"I can't stop playing Wordle!" This admission is the title of Bill Gates' latest Gates Notes blog post, in which he details his strategy for playing the word game that seems to have taken over America.

If you're not familiar with Wordle, the game gives solvers everywhere six chances to guess the same five-letter word once a day by entering five-letter words into a series of blank spots. Correct letters in their correct spaces turn green; correct letters in the wrong spaces turn yellow, and letters not contained in the word turn gray.

Gates says he's addicted to Wordle. But there are three other Wordle-related games he also likes to play every day, and they do sound pretty fun. Here they are, plus one more suggested by a Gates fan in the comments to his blog.

1. Quordle

In this Wordle variant, you have to guess four different five-letter words at the same time within nine guesses. Each guess is applied to all four words. Quordle sounds hard, but I was able to do it on my first try. It turns out that by the time you've correctly guessed one or two words, you know a lot about the others as well.


If playing four Wordles at once is fun, then perhaps eight at once is twice as fun? Octordle is certainly at least twice as hard, based on my try at it. (I got all eight words, but it took a lot of deep thought and all 13 available tries.) Octordle also offers special challenges, such as words that must be solved in sequence and themed octordles.

3. Nerdle

Nerdle is like Wordle, but for math. You have eight blank spaces that you fill in with an equation, so each slot can either contain a number or a symbol such as * (times) or - (minus). Obviously, one of your symbols must be = or else it wouldn't be an equation, but the game leaves it to you to figure out where that equal sign goes. Similar to Wordle, a number or symbol will turn green if it's in the right spot, pink if it's included in the equation but in the wrong spot, or black if it doesn't appear in the equation at all. As with Wordle, you have only six guesses to get it right.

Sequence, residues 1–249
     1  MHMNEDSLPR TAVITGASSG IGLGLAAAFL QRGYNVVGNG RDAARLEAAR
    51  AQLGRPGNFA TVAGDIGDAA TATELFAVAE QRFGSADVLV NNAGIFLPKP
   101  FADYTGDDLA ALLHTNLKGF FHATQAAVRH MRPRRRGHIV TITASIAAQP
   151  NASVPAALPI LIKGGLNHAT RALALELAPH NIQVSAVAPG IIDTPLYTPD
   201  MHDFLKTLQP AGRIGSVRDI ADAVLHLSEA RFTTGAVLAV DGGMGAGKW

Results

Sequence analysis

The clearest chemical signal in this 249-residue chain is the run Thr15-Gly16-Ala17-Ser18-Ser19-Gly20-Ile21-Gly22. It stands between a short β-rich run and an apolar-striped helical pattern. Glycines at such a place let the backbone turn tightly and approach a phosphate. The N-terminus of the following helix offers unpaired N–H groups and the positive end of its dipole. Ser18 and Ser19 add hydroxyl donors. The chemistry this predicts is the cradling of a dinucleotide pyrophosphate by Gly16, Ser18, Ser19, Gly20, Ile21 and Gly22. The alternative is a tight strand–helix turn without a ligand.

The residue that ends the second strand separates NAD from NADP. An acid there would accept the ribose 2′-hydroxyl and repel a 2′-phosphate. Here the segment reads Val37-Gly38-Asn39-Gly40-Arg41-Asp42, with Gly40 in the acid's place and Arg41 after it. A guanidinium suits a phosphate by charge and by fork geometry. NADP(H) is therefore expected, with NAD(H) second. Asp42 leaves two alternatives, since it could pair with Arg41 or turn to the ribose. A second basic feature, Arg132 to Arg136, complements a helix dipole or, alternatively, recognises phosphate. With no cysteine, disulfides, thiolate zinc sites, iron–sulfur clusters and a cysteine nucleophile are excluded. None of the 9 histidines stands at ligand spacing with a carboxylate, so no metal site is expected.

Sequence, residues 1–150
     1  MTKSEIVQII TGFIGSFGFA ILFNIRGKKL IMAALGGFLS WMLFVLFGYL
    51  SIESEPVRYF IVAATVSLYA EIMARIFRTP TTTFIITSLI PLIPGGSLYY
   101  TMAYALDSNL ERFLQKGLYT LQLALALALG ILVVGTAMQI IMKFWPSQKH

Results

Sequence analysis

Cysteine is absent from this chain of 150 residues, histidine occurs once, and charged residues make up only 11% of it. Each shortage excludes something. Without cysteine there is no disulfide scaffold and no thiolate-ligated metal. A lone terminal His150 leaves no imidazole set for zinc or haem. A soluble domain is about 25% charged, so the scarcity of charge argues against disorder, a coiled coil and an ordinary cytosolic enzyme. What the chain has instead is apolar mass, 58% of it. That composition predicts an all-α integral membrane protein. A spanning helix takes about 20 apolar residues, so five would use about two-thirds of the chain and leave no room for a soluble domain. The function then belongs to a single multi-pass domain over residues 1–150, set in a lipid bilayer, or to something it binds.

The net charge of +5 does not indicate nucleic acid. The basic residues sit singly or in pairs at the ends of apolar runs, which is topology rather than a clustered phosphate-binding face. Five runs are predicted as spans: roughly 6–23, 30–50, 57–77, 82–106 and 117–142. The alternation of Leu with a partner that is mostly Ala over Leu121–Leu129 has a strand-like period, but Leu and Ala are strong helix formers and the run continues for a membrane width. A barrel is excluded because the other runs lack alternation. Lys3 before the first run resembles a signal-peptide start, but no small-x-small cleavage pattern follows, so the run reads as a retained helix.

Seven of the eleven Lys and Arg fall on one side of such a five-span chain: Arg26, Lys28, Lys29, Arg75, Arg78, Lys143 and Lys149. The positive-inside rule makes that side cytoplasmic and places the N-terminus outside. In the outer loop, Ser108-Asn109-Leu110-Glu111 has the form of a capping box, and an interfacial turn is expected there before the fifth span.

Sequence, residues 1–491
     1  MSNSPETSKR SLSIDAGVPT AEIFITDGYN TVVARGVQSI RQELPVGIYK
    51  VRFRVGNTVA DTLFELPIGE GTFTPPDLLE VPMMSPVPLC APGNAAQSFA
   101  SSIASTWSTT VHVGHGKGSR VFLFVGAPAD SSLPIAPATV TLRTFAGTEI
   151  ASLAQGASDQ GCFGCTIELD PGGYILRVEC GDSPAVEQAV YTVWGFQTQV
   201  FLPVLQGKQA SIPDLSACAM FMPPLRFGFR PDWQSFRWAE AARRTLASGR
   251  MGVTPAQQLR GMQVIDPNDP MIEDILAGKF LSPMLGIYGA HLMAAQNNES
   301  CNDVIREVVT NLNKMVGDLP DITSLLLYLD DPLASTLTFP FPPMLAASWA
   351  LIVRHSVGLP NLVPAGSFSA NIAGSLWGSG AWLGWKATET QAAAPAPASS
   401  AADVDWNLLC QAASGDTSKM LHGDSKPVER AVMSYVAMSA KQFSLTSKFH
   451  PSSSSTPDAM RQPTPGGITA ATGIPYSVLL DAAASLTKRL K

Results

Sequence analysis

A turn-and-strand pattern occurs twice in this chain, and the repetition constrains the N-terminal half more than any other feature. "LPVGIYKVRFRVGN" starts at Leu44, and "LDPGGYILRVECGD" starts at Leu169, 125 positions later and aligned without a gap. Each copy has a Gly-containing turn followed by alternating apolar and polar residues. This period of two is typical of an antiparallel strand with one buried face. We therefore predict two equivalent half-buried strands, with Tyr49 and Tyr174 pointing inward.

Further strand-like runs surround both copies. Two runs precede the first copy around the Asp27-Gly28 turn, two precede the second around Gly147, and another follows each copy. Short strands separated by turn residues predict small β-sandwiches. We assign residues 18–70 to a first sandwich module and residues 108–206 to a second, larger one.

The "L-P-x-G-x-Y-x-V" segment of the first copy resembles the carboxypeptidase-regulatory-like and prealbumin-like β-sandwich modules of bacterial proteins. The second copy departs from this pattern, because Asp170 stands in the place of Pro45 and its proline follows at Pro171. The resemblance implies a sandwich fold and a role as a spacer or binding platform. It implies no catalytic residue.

Gates says he spends more of his time playing this game than any other, and also, sadly, that few of his friends or family members play it so that he can't compare scores with them. I'm far from a math whiz, but because these are simple equations--you can only add, subtract, multiply, or divide--I was able to solve my first one in four tries. If you try it, let me know how you do.

4. Antiwordle

One of Gates' readers recommended Antiwordle in the comments to his blog post, and I was so intrigued by the concept that I had to try it. The object of the game is to avoid guessing the five-letter word for as long as you can. Similar to Wordle's hard mode, if you guess a letter that's in the word, you must include it in all future guesses, and if you guess a letter in the right place, that letter must be in that spot from then on. There's a further complication: If you guess a letter that isn't in the word, you aren't allowed to use that letter again. 

These rules combine to make it feel like Antiwordle is relentlessly pushing you toward guessing the right word until you literally have no other choice. Even starting with FLUFF, a word I hoped would have few or no correct letters, I was forced to guess the correct word, FAVOR, within four tries. That's the same number of tries I usually need to solve the original Wordle. It's got me wondering whether trying to lose might actually be an effective strategy.

There's a growing audience of Inc.com readers who receive a daily text from me with a self-care or motivational micro-challenge or tip. Often they text me back and we wind up in a conversation. (Want to learn more? Here's some information and a special invitation to an extended free trial.) Many in my text community are entrepreneurs or business leaders, and they tell me how important it is to take a little time every day for relaxation and fun. It's good to know that even Gates, a renowned philanthropist working to save the world from climate change and disease, takes time for those things too.